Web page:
In October of 2021, Pope Francis announced to the world, that the Church would undertake the enormous task of consulting with the laity of every diocese and archdiocese in the world. Thus the Synod on Synodality began its journey.
The Holy Father asked:
- How is this “journeying together” happening today in your local Church?
- What steps does the Spirit invite us to take in order to grow in our “journeying together”?
These two questions strike at the core of our Catholic identity. We are being asked to examine our self in relation to the church and how we can grow the mission of Christ – individually and in communion with one another.
The reason Catholic schools exist is to bring Christ to our students through the message of the Gospel. Through the teachings of the Church, witness of the faith community, and support of the Catholic school, the triad of HOME, SCHOOL, and PARISH is well established.
We know this. However, the challenge we face is real – how are we doing this in relationship with one another and in full communion with the Catholic Church? At every turn we watch a secular culture preaching individualism to our children. We hide under the bushel basket, afraid of being attacked by what is less than a tolerant society. Yet, without the preaching of the Gospel (in all places, on all occasions, without hesitation, reluctance or fear), we fail.
During the Synod Listening Session we shared our vulnerabilities as teachers, students, parents, administrators, politicians, and community members. When we began to really listen to one another with the intent to understand (versus our predisposition to merely 'respond'), we embarked on a journey of discovery. We felt the passion, joy, and at times despair of Catholic education. Many express that Catholic schools play a tug of war with our secular society; that when these tensions emerge they play havoc with our Catholic identity and we lose sight of who we are. This sampling of comments from the Synod Listening Sessions provide a lens through which we may begin to discern. I share their unedited voice, to respect both their message and their emotion:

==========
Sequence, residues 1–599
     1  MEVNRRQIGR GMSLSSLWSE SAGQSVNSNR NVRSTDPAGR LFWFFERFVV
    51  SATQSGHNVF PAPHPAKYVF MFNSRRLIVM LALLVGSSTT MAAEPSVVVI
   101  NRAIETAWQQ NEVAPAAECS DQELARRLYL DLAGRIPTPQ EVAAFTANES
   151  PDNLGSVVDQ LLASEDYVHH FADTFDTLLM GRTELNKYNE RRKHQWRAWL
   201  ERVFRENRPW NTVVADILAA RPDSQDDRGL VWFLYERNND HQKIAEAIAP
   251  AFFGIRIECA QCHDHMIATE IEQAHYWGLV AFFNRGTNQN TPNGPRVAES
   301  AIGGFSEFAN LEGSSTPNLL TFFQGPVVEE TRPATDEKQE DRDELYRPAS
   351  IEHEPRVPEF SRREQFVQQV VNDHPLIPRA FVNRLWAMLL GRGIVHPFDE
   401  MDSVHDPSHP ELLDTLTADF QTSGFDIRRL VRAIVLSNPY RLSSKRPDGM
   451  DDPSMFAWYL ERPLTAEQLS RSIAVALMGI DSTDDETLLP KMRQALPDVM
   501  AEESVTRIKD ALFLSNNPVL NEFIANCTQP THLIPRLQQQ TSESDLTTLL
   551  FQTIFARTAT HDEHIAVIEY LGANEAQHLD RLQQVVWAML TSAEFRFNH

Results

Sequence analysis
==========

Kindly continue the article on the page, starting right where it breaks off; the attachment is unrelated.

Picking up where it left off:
- Other teachers and staff at the Catholic School where I work and in other Catholic schools. We are called to be authentic with one another, sharing more deeply our joys, sufferings, passions and doubts
- My biggest challenge is feeling safe to talk about my faith in the school staff room as many in it, although Catholic, vocally admit to not being interested. These are the people who are supposed to be teaching the faith in Catholic schools.
- When I hear the word church I think of a community of people being brought together by faith. I think of new begins and change. When you go to church you are impacted by the lessons and story's they tell whether they are good or bad.
- For a lot of students we do a lot of social justice work, I didn’t make an automatic connection between our acts of service and the work of the Church. I understood the act of kindness as something random, rather than an active expression of my faith
- In a school, the principal plays a key role in influencing the climate within that school and it’s Catholicity; likewise, the parish priest must have a passion for his work and a genuine love for young people.
Similarly, in the AWCB and CCCB Synod synthesis report, the following comments were expressed:
- Improve the faith formation in Catholic schools, strengthen the connection between schools and parishes, and support school teachers in living their faith
- There is a need to develop ongoing catechesis and education and to find new ways to engage families. It was also pointed out that parishes and, where they exist, Catholic schools, need to be more active in sacramental preparation so as to inspire Catholics
- Concern with regards to the ongoing challenge of secularization in Catholic schools
We now eagerly await to learn about the themes generated during the Continental Listening Sessions. It is from here that the Instrumentum Laboris will be written in preparation for the XVI General Ordinary Assembly of the Synod of Bishops in Rome.
It cannot be overstated that our Catholic schools need to be steeped in authentic teaching of the faith with well-formed teachers, administrators, and leaders. School, family, and Church must continue to forge paths that allow everyone to journey together, always in alignment with the teaching of our faith.
May our Synodal journey continue to inspire us to speak and listen with kindness and compassion for the purpose of cultivating a Catholic culture and identity in our Catholic schools. Our students deserve nothing less.
Dr. Eugenia Pagnotta-Kowalczyk is a former teacher and principal in the Edmonton Catholic School Division, as well as Executive Director and Director of Advocacy of the Alberta Catholic School Trustees' Association. She has also worked as a sessional instructor at St. Joseph College at the University of Alberta. She holds a PhD in education leadership and Catholic identity from the University of Portland and an M.Ed. in curriculum and leadership from the University of Alberta. She is currently employed at the Archdiocese of Edmonton as Mission Engagement Lead and Synod Coordinator.